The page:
I must apologise to your Lordships for detaining you at such length, but I have very little more to say. With regard to the yield of crops, Lord Selborne asks the Government to make known the conservative estimate as to what that means in the way of food. I am aware that certain criticism has been directed against the Food Production Department on account of the estimate which it made itself some few months ago, and in which it said that, given certain conditions (which were clearly defined) and the emergency was great enough, there would be forty weeks bread-stuffs, probably, available from the harvest of this year. I say that this was not an exaggeration, although it was deliberately an extreme estimate. It was based on a series of assumptions, which were given, and it represented what could be done in case of dire necessity—what, for example, Germany could do under similar circum- stances, and what she will have to do if she is to avoid starvation. It was a calculation which is full of significance for her, and was largely framed for that purpose. The assumptions were extreme; it is possible to take extremely conservative assumptions—that all the barley, or only a small portion of the barley and oats, will be used for flour, and none of the potatoes; that the standard of milling will be lowered in order to provide more stuffs (a very proper policy), the scale of consumption will be less restricted, and allowing a large margin for disappointment and accident. If you make that kind of estimate you may produce one of twenty weeks. The two things are quite compatible, and I make no apology for the estimate which was issued. In fact, I make no apology at all for the food production policy or the Food Production Department. Lord Selborne was good enough to say that it had been carried on very cheaply. I thank him for that. But if it had been very expensive it would have been thoroughly justified.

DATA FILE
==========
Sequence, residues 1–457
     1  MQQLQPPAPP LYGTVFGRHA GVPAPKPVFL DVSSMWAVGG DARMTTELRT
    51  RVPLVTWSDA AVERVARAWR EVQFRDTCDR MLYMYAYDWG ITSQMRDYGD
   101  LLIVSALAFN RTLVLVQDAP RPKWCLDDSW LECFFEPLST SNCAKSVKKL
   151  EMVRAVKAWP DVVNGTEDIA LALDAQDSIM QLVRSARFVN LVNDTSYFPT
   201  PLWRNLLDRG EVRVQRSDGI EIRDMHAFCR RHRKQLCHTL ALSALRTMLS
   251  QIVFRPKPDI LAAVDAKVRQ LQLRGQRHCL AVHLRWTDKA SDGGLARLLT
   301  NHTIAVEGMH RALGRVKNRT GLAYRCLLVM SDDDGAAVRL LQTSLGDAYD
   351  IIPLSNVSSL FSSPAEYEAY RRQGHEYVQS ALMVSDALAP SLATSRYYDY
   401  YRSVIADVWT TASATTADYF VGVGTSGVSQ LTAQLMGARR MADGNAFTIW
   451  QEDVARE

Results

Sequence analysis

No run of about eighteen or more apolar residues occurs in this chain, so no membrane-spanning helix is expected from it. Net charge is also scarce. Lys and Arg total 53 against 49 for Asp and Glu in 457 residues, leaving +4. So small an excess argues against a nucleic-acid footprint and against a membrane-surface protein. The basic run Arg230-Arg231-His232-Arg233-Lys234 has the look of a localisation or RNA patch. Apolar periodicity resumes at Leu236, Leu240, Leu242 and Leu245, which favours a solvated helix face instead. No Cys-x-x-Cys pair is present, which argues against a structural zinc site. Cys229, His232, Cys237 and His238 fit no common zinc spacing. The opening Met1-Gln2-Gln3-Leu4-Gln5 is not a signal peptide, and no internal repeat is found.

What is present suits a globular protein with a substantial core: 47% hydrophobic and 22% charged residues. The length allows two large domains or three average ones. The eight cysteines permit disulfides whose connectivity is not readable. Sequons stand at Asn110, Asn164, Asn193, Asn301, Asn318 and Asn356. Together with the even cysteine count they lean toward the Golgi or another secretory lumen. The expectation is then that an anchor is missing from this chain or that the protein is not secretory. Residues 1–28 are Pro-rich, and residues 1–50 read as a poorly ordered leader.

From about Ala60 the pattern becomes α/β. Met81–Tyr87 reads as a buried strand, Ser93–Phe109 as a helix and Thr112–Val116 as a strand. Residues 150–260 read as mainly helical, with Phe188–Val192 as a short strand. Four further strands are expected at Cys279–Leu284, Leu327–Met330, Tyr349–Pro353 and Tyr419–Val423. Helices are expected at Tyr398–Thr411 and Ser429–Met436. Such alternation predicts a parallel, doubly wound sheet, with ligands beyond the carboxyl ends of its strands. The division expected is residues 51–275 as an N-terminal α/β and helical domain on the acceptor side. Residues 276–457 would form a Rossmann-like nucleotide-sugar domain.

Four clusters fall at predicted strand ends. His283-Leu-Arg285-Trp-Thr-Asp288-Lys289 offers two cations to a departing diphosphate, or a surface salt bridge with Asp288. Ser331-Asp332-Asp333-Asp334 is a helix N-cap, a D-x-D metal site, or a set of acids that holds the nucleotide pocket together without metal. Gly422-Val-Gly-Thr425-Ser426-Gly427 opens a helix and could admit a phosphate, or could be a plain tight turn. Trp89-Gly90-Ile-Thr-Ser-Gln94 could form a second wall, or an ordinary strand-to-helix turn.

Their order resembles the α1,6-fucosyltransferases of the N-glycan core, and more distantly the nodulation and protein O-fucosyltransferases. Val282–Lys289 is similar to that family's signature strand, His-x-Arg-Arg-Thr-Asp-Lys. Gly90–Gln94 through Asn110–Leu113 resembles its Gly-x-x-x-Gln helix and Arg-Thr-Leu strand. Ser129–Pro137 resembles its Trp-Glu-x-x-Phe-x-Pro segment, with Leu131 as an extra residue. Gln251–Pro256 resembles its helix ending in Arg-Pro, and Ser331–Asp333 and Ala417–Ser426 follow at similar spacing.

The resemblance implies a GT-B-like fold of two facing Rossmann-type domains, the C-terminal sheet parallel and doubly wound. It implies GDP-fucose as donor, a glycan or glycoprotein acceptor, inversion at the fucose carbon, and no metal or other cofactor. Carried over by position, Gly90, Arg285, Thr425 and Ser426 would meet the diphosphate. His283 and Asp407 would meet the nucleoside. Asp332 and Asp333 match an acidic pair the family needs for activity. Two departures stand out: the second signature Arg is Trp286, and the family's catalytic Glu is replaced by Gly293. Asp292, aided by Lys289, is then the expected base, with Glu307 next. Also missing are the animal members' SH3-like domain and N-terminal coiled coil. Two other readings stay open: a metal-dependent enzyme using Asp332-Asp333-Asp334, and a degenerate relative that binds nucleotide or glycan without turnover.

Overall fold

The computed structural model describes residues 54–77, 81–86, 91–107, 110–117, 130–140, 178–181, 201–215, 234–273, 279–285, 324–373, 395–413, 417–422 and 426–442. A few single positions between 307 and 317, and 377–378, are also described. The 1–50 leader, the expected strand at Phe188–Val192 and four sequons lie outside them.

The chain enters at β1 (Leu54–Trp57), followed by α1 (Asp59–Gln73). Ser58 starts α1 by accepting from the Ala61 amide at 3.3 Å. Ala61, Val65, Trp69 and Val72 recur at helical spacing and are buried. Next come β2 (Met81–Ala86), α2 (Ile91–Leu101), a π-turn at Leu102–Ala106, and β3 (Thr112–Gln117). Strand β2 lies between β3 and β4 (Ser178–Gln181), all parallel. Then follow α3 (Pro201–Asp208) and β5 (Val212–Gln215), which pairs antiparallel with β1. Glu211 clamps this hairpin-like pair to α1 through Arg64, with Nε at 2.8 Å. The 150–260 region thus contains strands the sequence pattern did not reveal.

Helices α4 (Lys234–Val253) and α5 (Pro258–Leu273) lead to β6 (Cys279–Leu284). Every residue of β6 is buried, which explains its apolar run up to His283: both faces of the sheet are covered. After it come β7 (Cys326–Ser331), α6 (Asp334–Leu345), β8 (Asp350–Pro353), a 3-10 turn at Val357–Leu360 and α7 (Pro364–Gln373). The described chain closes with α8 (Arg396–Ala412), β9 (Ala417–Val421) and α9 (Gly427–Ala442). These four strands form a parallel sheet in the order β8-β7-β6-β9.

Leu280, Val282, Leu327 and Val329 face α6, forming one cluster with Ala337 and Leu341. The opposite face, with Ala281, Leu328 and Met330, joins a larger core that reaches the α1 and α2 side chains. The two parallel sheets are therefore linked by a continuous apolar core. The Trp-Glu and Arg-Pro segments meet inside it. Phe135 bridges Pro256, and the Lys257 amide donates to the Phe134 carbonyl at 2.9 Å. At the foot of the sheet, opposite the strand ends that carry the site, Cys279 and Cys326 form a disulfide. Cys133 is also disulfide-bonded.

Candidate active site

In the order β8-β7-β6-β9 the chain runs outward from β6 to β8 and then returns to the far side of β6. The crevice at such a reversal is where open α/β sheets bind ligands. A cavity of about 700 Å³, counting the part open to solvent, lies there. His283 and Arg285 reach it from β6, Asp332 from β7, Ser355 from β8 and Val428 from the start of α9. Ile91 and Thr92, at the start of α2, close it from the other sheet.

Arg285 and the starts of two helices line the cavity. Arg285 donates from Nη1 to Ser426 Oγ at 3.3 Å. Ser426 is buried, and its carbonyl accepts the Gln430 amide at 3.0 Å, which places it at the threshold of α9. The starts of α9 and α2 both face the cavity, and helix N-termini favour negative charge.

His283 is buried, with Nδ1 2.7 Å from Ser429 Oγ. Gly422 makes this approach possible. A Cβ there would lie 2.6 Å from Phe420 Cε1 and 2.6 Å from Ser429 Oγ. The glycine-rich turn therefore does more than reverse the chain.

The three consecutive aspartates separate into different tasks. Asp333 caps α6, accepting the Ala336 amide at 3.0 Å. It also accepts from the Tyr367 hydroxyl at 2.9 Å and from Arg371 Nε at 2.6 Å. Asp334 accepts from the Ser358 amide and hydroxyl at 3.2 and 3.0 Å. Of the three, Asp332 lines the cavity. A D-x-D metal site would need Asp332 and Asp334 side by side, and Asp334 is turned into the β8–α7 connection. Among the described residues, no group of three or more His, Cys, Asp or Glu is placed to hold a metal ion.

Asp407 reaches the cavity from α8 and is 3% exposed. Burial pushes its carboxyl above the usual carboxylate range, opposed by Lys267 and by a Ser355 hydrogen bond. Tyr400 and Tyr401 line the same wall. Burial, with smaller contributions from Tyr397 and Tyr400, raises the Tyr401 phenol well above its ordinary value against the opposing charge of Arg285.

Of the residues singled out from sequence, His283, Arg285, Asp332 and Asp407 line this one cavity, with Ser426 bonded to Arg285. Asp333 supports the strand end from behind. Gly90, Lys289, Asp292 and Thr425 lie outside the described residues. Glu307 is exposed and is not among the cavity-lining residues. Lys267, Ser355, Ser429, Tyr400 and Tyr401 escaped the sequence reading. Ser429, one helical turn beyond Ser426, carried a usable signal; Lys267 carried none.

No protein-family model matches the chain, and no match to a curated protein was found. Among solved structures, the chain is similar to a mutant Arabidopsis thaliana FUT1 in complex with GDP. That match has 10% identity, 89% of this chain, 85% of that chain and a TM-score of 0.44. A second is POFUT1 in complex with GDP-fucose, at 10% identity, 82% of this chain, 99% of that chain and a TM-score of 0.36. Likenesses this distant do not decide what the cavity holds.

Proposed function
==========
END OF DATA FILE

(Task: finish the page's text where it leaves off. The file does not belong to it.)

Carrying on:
In this connection may I say that a great deal too much credit for what has been done in the Department has been given to me, and a great deal too little to my colleagues with whom I have worked. They have discharged an extremely difficult, delicate, and unpleasant task, for a year and a-half with the utmost ability, and scant justice so far has been done to their achievements in any public speech, statement, or Report, that has been issued. As between them I cannot pick and choose, but I do say that they have been engaged in a national work, the greatness of which will, I hope, some day be known; and I cannot refrain from testifying to the energy, the efficiency, and the single-minded zeal with which their arduous task has been cheerfully undertaken and successfully carried through by every section and grade of the Department over which I have had the honour to preside. I venture to say that a more patient, indefatigable, and devoted body of men and women have never served the State, and my deepest regret in resigning my office is in parting my co-operation with them.